By James Kwak
I’ve been largely sitting out the foreclosure scandal/crisis. Partly I’ve just been too busy, and partly the coverage on other blogs has been great. Mike Konczal in particular has been providing the “beginners” posts–here’s part one of five–that were my niche during the earlier part of the financial crisis, basically putting me out of a job, and Yves Smith has also been all over the issue.
I want to ask one question, but for those who are not economics blogs junkies, let me get you up to speed. It first turned out that in their haste to foreclose on houses, the law firms filing for the foreclosures (in many states, you have to get a judgment from a court in order to foreclose) were cutting corners and sometimes filing fake documents. Then it turned out that sometimes they were filing fake documents because the real ones didn’t exist. In particular, it is possible that many of the trusts that issue mortgage-backed securities never had properly-endorsed copies of the notes that underlay those mortgages. (See this Yves Smith post. Highlight quote, from the CEO of a mortgage originator: “We never transferred the paper. No one in the industry transferred the paper.”)
The question is this: Why, just weeks from an election in which Democrats are probably going to get clobbered, is the Obama administration sitting on its hands, writing this off as a bunch of technicalities, and opposing a foreclosure moratorium?
Not only would it be good politics for an administration that has a hard time establishing credibility with ordinary people, but you would think a halt to foreclosures is actually what the Treasury Department wants. Over the summer, Steve Randy Waldman pointed out that Treasury essentially confirmed what many had suspected all along–the main point of HAMP (the mortgage modification program) was not to help homeowners, but to spread out the foreclosure wave over time in order to prop up housing prices and therefore protect the economy. A foreclosure moratorium, by temporarily halting the flood of foreclosed houses onto the market, would be even better.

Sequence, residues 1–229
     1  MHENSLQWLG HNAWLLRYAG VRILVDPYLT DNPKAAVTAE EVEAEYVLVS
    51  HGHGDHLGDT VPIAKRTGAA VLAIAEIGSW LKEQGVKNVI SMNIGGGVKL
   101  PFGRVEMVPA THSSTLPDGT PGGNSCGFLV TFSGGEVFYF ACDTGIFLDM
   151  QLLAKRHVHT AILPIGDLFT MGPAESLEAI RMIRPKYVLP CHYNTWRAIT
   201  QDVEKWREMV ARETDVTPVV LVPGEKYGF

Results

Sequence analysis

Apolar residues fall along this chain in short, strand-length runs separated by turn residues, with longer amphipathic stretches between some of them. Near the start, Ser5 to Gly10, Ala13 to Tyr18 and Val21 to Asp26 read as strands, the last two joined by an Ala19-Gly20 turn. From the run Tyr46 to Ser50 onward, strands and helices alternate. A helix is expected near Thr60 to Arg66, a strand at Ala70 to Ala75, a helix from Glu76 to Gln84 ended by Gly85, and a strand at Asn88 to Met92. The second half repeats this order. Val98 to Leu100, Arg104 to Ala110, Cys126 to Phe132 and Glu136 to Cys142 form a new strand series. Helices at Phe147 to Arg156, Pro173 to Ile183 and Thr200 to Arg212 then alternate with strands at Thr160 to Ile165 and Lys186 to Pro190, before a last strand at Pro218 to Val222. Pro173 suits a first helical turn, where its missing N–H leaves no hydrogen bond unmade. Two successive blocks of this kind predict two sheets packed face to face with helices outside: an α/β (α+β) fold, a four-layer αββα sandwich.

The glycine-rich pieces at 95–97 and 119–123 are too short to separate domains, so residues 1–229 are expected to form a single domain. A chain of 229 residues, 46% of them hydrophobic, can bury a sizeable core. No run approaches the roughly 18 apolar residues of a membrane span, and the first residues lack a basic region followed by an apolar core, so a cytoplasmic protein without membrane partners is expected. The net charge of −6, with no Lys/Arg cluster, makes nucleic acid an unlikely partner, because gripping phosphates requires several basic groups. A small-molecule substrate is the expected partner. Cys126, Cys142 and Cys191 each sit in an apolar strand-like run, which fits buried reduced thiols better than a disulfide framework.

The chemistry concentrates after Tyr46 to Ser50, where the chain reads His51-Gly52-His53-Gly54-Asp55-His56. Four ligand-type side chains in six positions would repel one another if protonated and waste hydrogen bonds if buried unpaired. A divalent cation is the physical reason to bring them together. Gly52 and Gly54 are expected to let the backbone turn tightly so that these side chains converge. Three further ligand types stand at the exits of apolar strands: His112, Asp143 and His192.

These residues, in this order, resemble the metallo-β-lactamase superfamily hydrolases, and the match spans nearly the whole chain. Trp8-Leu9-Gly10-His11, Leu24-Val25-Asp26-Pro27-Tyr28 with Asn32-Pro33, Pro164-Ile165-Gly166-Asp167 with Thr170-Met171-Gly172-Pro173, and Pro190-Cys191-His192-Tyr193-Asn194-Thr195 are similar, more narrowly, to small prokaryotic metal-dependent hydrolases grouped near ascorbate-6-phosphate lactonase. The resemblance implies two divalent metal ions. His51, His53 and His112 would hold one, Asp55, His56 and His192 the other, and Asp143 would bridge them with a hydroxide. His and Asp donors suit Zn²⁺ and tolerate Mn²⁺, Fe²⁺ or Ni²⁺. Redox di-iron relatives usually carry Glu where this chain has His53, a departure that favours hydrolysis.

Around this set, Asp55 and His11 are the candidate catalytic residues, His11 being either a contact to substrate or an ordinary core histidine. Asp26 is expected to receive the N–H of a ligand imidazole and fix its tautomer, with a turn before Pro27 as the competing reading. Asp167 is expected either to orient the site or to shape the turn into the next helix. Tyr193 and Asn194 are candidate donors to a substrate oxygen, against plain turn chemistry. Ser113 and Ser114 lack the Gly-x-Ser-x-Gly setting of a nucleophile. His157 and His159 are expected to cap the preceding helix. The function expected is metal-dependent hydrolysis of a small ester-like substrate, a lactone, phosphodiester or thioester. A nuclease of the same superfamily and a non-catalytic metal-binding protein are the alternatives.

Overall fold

The scary possibility is that what they’re really afraid of is systemic risk: the possibility that, as Konczal and others have pointed out, the mortgage securitization trusts (the entities that bought mortgages and issued mortgage-backed securities) could sue the investment banks, forcing them to buy back the underlying mortgages at the original cost. Since those mortgages are now worth far less than before, this would impose huge losses on the Big Six banks.
Big banks losing money isn’t what’s scary. What’s scary is that the administration may be pooh-poohing the foreclosure fraud crisis because it wants to protect the big banks once again. In other words, it’s minimizing the problem because it’s hoping that the banks will finish “reviewing their procedures,” say that everything has been fixed, and go on with their business; in that situation, it would be awkward for the administration to have come out strongly on the side of homeowners. This would basically be the operational equivalent of “it’s just a liquidity problem.”
But why? If this really could damage the big banks, why not let them take the hit and clean up afterward–especially if “orderly liquidation authority” is really the bazooka they claim it is? Why protect them now after being stabbed in the back repeatedly during the financial reform debate and in the current campaign finance cycle? Why not take this opportunity, if there really is one, to undo the mistakes of 2009?
Let’s hope there’s a better explanation than “we have created [our biggest banks], and we’re sort of past that point, and I think that in some sense, the genie’s out of the bottle.”